Book Review: Before the Battlecruiser: The Big Cruiser in the World's Navies, 1865-1910


by Aidan Dobson

Annapolis: Naval Institute Press, 2018. Pp. 304+. Illus., plans, diagr., tables, graphics, appends., notes, biblio., index. $57.95. ISBN: 1682473759

A History of the Armored Cruiser

Naval historian and author of numerous books, including the recent The Kaiser's Battlefleet, Dodson, has produced a comprehensive account of the class of warships that came to be known variously as “armored cruisers”.

Originating in the era when warships were in transition from wooden to iron, these ships were designed to defend or raid commerce, to scout for the battle fleet, and as flagships for squadrons on distant seas, roles earlier performed by heavy frigates or 50- and 60-gun ships-of-the-line. Armored cruisers were often bigger, faster, and costlier than contemporary battleships, but they were also more lightly armed and armored, and at times found themselves in the battleline with their more robust cousins, such as during the Spanish-American or Russo-Japanese Wars.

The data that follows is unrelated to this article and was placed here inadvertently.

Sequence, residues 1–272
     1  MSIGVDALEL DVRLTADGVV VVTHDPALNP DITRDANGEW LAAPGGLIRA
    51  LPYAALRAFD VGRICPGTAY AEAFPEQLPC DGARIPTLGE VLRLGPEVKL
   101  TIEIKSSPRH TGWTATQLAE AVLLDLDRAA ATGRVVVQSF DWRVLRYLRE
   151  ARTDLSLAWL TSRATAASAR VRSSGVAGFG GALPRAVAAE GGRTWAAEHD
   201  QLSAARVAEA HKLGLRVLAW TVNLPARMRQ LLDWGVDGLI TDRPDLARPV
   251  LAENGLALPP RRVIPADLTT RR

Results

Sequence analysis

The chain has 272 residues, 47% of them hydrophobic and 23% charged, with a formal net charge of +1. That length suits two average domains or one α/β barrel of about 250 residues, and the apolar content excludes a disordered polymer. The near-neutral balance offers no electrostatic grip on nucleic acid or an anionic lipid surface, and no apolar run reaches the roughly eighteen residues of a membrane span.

Dodson examines these vessels in two ways. He devotes about half the book to an overview history of the evolution and operations of the type, from its origins through the Second World War, in which some aged survivors actually played a role. In the second half, Dodson gives us a technical and historical profile of each navy’s fleet of armored cruisers. This covers technical details, design changes, and operational experience of individual ships and classes, and includes vessels that were projected but never built.

Well-illustrated, with photographs, diagrams, and even full color images of some original plans, Before the Battlecruiser is a valuable reference for anyone interested in the evolution of the modern warship.



Reviewer: A. A. Nofi, Review Editor   

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